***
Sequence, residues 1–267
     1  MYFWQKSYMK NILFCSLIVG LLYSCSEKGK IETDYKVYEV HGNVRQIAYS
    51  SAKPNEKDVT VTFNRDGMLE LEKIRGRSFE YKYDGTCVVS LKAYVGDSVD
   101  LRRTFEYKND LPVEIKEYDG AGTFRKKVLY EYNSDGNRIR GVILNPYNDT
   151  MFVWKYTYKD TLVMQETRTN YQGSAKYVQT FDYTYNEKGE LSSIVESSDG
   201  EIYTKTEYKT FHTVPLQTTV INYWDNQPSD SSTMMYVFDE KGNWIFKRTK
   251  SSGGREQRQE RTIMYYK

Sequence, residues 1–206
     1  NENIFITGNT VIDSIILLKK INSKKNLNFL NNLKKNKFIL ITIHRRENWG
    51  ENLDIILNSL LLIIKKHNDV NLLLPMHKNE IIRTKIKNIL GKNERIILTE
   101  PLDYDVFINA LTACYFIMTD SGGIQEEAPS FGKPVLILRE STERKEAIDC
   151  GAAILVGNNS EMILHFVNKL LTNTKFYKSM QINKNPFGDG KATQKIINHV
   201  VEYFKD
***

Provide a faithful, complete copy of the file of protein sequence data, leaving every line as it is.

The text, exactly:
Sequence, residues 1–267
     1  MYFWQKSYMK NILFCSLIVG LLYSCSEKGK IETDYKVYEV HGNVRQIAYS
    51  SAKPNEKDVT VTFNRDGMLE LEKIRGRSFE YKYDGTCVVS LKAYVGDSVD
   101  LRRTFEYKND LPVEIKEYDG AGTFRKKVLY EYNSDGNRIR GVILNPYNDT
   151  MFVWKYTYKD TLVMQETRTN YQGSAKYVQT FDYTYNEKGE LSSIVESSDG
   201  EIYTKTEYKT FHTVPLQTTV INYWDNQPSD SSTMMYVFDE KGNWIFKRTK
   251  SSGGREQRQE RTIMYYK

Sequence, residues 1–206
     1  NENIFITGNT VIDSIILLKK INSKKNLNFL NNLKKNKFIL ITIHRRENWG
    51  ENLDIILNSL LLIIKKHNDV NLLLPMHKNE IIRTKIKNIL GKNERIILTE
   101  PLDYDVFINA LTACYFIMTD SGGIQEEAPS FGKPVLILRE STERKEAIDC
   151  GAAILVGNNS EMILHFVNKL LTNTKFYKSM QINKNPFGDG KATQKIINHV
   201  VEYFKD